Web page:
, , , , , , , , , , , ,

I realize that I am bombarding you with posts on wild berries this past month. However, for many, berry picking is an important part of living in harmony with the seasons. When the berries are ripe, everything that can wait is put on hold while the berries get picked. As various berries have been steadily ripening over the past six weeks, berry picking (and preserving the harvest) has become an enjoyable part of my daily ‘chores’ and that is why I often write about it. Berry picking time is precious, and once the rose hips, high- and low bush cranberries have come and gone, the wild berry picking season will be over until next summer.

Berry picking is a great lesson in cultivating mindfulness in my own life. Watching for optimal ripeness promotes a greater awareness of the wild plants around me; the picking of the berries become an exercise in slowing down as it is difficult to pick berries quickly without losing them; and berry picking fully immerses me in nature and helps me open up to the whole experience… the beautiful colors of the berries and leaves, the smells, the textures, the sounds in the forests (there was a bear sighted just up the road four days ago so I am really paying attention to the sounds lately!), noticing the interesting birds and insects that cross my path, and of course the delicious tastes as I sample a few of the ripe berries, juicy and warmed by the sun.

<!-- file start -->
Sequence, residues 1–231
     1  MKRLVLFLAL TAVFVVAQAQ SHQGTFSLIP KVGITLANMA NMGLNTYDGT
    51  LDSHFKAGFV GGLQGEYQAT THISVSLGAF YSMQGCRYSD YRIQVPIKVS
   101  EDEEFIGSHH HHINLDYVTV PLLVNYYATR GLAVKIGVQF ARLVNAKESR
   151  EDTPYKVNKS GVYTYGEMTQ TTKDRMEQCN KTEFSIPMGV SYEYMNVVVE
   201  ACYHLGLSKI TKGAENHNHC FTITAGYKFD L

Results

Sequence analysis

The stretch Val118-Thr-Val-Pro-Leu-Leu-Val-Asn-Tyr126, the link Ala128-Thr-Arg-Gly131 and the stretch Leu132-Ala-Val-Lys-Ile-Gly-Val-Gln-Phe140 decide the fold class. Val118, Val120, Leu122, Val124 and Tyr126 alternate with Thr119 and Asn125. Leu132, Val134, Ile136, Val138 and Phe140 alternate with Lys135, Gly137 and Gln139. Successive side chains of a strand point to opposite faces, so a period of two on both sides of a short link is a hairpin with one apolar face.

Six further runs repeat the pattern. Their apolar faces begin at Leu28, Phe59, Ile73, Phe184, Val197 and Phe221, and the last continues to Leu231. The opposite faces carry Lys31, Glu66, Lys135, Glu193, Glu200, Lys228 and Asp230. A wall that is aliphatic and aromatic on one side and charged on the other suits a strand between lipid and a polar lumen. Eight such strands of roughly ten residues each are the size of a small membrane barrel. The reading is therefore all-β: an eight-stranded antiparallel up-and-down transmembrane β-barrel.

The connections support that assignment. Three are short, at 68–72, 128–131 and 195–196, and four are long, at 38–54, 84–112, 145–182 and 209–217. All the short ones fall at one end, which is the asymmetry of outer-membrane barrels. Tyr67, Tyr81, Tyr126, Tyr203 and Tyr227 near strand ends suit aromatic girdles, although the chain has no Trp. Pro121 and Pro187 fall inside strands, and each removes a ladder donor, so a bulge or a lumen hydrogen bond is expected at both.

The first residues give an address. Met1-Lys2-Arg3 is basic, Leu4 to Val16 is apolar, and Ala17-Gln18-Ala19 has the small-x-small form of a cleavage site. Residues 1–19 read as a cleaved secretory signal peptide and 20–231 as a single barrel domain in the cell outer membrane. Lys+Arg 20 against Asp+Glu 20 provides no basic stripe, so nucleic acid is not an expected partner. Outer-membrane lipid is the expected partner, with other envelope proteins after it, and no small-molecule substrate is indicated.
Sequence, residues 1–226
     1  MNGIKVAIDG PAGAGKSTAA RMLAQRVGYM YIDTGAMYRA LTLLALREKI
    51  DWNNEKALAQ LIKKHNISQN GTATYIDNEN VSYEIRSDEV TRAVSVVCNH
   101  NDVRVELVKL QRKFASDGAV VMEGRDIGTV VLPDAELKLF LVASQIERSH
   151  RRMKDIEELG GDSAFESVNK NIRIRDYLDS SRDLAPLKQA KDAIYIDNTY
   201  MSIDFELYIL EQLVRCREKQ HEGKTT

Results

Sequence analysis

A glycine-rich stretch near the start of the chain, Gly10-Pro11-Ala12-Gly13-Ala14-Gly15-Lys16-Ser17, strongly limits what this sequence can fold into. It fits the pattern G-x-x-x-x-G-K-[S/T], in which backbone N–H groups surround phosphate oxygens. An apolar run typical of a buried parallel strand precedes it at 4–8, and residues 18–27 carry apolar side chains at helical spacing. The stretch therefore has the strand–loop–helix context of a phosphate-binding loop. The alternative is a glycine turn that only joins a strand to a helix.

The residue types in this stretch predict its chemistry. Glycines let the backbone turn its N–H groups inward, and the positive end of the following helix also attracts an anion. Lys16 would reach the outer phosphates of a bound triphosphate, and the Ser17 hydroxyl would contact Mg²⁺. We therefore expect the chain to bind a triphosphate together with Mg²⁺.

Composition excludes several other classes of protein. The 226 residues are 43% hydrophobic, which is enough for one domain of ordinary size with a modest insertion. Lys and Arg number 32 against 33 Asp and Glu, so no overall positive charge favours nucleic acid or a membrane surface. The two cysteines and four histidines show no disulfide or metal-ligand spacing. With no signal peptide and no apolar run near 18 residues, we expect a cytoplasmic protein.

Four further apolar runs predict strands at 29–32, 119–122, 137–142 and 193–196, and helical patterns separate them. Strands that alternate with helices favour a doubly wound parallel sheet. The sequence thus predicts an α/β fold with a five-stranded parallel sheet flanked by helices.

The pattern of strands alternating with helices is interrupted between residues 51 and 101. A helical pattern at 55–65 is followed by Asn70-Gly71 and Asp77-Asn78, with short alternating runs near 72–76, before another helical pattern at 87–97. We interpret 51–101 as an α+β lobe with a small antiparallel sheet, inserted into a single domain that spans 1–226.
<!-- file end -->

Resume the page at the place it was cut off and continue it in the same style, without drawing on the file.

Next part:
I had been wondering if there were any wild blueberries growing nearby when just last week, a gentleman came by and introduced himself as K, one of the sons of the couple that built this cabin, about 38 years ago. (His family still owns the 150 aces of protected land behind the cabin and the previous week I met his younger brother, R, who also shared many stories. Hi guys!) K and I got chatting about the wild plants in this area and he asked me if I had found the wild blueberries yet? I immediately got excited and admitted that I hadn’t. I asked him where they grow and he took me just a short distance into the woods and pointed out the dense patch of low-growing shrubs. Sadly, there were no berries. However, the following evening as Lucy and I were returning from our hike, I found a few shrubs that had ripe berries on it, and the following day I found even more! At last… wild blueberries!

There are over 20 species in the genus Vaccinium which are native to Canada and the United States. These include dwarf blueberries (V. caespitosum), bog blueberries (V. uliginosum), early leaf (or oval leaf) blueberry (V. ovalifolium) and highbush blueberries (V. corymbosum). Wild blueberries are also known as huckleberry, whortleberry, bilberry, or bog bilberry. These shrubs grow in a variety of habitats, from damp, shaded coastal areas to high mountain areas. They prefer open, sunny locations with plenty of soil moisture. The berries may grow singly or in clusters, and they are juicy, sweet and full of flavor.

According to Bennett (1991) and Powers & Stewart (1995), Indigenous peoples sometimes practiced controlled burning of select areas in order to maintain an optimum habitat for blueberries and other food plants.